"When I first met her just over one year ago, she said, “I am literally starving”, and now she says, “this program has saved my life".   I’ve worked 9 years in this job and no-one in Vancouver has said to me that they were starving.  I then learned that Anne is a pensioner, on a low fixed income, has multiple health and mobility related issues related to eating an unhealthy diet for many years.  She didn’t have money for healthy food.  Then her doctor told her she was malnourished and must eat more fruits, vegetables and unprocessed foods.

Being in the program has given her the option to eat more veggies.  Anne now enjoys trying new foods she would not normally eat, such as kale.   She also describes the community connection that has helped her.  Anne told me she feels that the program is not just a food pick up, but an event to look forward to and a chance to connect with others and share health and cooking tips and what works for others."

Ian tells us that the Food Networks campaign, Lettuce Turnip the Heat on Poverty Reduction – Vote!  is designed to make the connection between poverty and food insecurity.  He says, “Poverty is an election issue. We are working to raise our voices together to show candidates in the provincial election that we’ll be voting for politicians that commit to a strong and thorough poverty reduction plan.”

For more information and to see the the infographics developed by the VNFN group that show the impacts on each pillar on alleviating hunger, visit http://vancouverfoodnetworks.com/vote/  
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Hunger in Canada is not about the lack of food.  People are food insecure because they can’t afford to eat.  Poverty is a multi-dimensional problem.  We know that the systemic causes of poverty cannot be addressed overnight.  But, we need to put in place a Government-wide integrated approach to addressing the systemic issues of poverty based on the principles of social inclusion and collaboration.  And that we need to start with income.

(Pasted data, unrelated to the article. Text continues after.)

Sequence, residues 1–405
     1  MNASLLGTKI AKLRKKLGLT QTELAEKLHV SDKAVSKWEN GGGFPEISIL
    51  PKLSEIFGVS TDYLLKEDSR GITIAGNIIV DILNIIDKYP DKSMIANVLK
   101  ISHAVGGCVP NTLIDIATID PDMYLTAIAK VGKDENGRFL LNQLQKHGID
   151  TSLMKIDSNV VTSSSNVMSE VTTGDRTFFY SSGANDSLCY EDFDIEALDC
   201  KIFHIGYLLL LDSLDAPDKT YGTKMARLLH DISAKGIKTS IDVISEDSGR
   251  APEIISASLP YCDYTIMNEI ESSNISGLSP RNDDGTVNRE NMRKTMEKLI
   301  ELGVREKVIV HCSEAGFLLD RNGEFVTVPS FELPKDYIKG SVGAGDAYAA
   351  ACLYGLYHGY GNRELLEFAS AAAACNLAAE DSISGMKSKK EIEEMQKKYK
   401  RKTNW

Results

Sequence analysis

Meet CCEC Member, the Vancouver Neighbourhood Food Networks and its’ member sponsors, Ian Marcuse and Joanne MacKinnon.  Ian says, “As the price of food escalates, increasing numbers of households are feeling the food affordability squeeze.  We are seeing more people coming to our programs that include community kitchens, community meals and food hampers (bulk buying and free baskets).  We are feeling under pressure as we need to expand our existing food programs and establish new food programs to serve those in need.  Ideally, rather than expanding existing food security programming, we would prefer to tackle the systems that result in food insecurity and end poverty."

So, who is going hungry?  We have a growing population of working poor in Canada whose wages do not cover basic necessities.  2/3 of food insecure people are working.  We know that inadequate wages, shrinking social assistance rates, meager pensions, illness and disability are at the heart of food insecurity.  More than 4 million people in Canada are unsure about where they’ll eat next or skip meals so their kids can eat.   1 in 8 people are food insecure but only 25% access the food bank.

The Neighbourhood Food Networks, with 12 part-time funded coordinators, are part of the Greenest City Action Plan to address food security and to increase all residents’ access to healthy, culturally appropriate food.  Joanne MacKinnon says, “We believe in the right-to-food, and social justice are at the forefront of our philosophy and how we approach our work.”  She continues, “We work with our program participants but are engaged and contribute their diverse skills and talents toward co-creating a just and sustainable neighbourhood food system.”